Hmmm: Joe Manchin Considering Senate Exit to Run for Governor?

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Posted: Jun 14, 2019 2:35 PM
Hmmm: Joe Manchin Considering Senate Exit to Run for Governor?

Source: AP Photo/J. Scott Applewhite

Joe Manchin, the most moderate Democrat in the US Senate, may be plotting his exit strategy from Chuck Schumer's caucus.  With his party drifting farther leftward by the day, and with gridlock gripping the legislative process, the West Virginian is said to be plotting his exit strategy from Congress' upper chamber.  He is less than one year removed from pretty narrowly securing another six-year term in 2018, but Manchin is reportedly looking into moving back home and seeking to regain his former job of governor.  If true, depending on the timing, that could be very welcome news to Sen. Mitch McConnell and the Senate GOP:

Sen. Joe Manchin (D-W.Va.) is eyeing a possible exit from the Senate, and his decision could be a significant factor in which party controls the majority in 2021. In moments of frustration, the centrist senator has gone so far as to tell colleagues he may leave the upper chamber before the end of this Congress, or after the 2020 elections. Manchin says he’s deeply irritated with the lack of bipartisan cooperation on Capitol Hill, where passing bills has largely become an afterthought in the 116th Congress. Manchin noted supporters in West Virginia are pressing him to run for governor next year, and he’s considering it. “I have people back home that want me to come back and run for governor. We’re looking at all the different plays. I want to make sure whatever time I have left in public service is productive,” he told The Hill. Asked if he’s happy with how productive he is in the Senate, Manchin replied, “Not at all.” “I haven’t been happy since I’ve been here. I’ve always thought there was more we can do. It’s the greatest body in the world, so much good could be done,” he said of the legislative stalemate.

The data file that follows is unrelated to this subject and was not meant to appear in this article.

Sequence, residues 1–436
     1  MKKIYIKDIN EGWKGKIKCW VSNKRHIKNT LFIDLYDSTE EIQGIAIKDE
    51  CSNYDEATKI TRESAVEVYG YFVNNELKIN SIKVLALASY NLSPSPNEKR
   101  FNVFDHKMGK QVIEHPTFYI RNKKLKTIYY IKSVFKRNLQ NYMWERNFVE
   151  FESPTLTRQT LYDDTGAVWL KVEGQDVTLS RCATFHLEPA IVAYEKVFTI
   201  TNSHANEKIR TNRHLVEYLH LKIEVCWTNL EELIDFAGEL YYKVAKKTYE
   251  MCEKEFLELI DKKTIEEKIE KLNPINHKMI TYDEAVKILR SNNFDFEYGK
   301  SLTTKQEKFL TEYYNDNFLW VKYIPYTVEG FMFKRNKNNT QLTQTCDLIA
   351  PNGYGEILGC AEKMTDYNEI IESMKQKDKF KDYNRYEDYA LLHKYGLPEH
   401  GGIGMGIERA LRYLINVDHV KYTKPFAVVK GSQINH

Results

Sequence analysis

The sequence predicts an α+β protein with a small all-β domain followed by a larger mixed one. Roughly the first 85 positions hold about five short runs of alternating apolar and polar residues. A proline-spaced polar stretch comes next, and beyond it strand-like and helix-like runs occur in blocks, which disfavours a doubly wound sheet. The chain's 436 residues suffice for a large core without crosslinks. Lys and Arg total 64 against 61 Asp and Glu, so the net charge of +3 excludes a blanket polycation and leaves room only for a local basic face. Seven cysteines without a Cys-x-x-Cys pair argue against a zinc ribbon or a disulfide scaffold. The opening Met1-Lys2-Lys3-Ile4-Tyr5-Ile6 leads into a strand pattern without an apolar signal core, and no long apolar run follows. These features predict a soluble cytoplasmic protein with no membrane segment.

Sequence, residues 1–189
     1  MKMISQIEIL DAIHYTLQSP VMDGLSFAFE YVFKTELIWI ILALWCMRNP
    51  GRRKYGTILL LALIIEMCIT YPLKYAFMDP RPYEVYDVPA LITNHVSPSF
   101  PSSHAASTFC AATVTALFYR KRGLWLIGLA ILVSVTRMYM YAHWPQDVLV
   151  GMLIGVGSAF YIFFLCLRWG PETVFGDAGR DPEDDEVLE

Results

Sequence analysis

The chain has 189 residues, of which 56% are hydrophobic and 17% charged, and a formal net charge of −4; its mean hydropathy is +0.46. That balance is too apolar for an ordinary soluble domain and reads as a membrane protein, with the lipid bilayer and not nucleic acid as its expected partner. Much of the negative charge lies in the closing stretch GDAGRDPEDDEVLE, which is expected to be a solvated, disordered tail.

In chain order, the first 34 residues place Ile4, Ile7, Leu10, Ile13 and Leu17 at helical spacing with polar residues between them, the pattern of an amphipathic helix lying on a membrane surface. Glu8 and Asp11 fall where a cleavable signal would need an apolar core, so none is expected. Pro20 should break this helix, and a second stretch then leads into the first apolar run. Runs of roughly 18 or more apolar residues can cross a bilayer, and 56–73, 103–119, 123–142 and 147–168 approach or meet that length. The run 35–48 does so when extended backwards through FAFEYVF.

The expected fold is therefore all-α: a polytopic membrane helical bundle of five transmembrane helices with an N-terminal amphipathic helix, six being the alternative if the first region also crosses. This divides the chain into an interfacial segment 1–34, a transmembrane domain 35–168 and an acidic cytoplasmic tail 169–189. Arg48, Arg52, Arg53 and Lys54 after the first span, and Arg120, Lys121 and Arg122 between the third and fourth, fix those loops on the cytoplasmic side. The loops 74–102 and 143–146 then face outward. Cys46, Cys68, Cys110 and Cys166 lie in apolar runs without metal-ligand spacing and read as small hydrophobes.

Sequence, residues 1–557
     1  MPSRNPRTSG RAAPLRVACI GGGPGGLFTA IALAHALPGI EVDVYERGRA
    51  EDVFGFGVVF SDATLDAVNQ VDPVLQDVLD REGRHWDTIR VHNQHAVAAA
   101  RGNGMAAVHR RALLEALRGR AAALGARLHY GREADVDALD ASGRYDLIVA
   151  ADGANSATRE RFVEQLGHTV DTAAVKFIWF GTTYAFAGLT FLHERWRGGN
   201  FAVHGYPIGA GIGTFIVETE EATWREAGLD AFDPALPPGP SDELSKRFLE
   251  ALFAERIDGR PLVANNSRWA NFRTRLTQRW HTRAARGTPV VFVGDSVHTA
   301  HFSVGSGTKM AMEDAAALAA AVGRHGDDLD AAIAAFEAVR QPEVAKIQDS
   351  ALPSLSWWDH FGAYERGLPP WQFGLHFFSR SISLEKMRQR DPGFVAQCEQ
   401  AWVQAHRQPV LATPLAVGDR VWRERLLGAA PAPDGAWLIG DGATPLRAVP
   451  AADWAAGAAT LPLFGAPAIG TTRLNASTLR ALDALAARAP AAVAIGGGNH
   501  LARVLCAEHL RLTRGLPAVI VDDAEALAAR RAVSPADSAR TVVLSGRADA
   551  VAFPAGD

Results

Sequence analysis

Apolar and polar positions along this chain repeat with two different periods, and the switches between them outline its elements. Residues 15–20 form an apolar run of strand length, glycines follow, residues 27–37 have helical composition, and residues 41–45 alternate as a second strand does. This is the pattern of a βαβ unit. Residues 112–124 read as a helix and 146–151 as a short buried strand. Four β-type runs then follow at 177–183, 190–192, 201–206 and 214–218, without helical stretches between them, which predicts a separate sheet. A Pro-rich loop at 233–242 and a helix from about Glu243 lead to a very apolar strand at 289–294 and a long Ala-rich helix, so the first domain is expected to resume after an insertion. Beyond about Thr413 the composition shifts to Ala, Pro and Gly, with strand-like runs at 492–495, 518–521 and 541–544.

More details from The Hill's story:

Manchin’s patience reached a breaking point shortly before the Memorial Day recess, when the Senate finally finished debating a disaster relief bill that many lawmakers thought should have passed weeks earlier. A Democratic senator who requested anonymity recalled Manchin getting thoroughly fed up and threatening to retire before the end of the 116th Congress. “He said, ‘I’m out of here.’ He was all pissed off and said, ‘I’m going to be out of here,’ ” the lawmaker said...A third Senate colleague who has spoken to Manchin about his future in the Senate said, “All he says is, ‘I’ll be here until 2020.’ ”

The issue of how and when Manchin would theoretically be replaced depends on the timing of his resignation from the Senate. There are lots of moving pieces to that question, but Manchin's departure would very likely result in a new Republican Senator sooner or later. It seems probable that Manchin would at least hold on through this next electoral cycle, even if he's actively running for governor. Democrats already need to net at least three Senate seats to regain the majority, but the number could be four, considering Doug Jones' very precarious situation in Alabama. If President Trump wins re-election, add another seat to the tally Chuck Schumer would need to flip control, as a 50-50 tie would break in the GOP's favor.  McConnell is framing his majority as a critical backstop against leftist governance.

The current governor of West Virginia was a Democrat until two summers ago, when he saw the political direction of his state -- and Trump's strong popularity there -- and chose to switch parties.  The incumbent's approval ratings aren't bad, but he could be vulnerable to both a Republican primary challenge and a run for his money from a well-liked Democratic challenger like Manchin.  I'll leave you with comments from a few of Manchin's fellow red state Democratic (now former) colleagues:


The Kavanaugh effect was real, and it may have saved Senate Republicans' bacon in a very challenging cycle.  Manchin voted for confirmation; Donnelly and McCaskill lined up with Schumer.  Guess who's still in the Senate?  For now.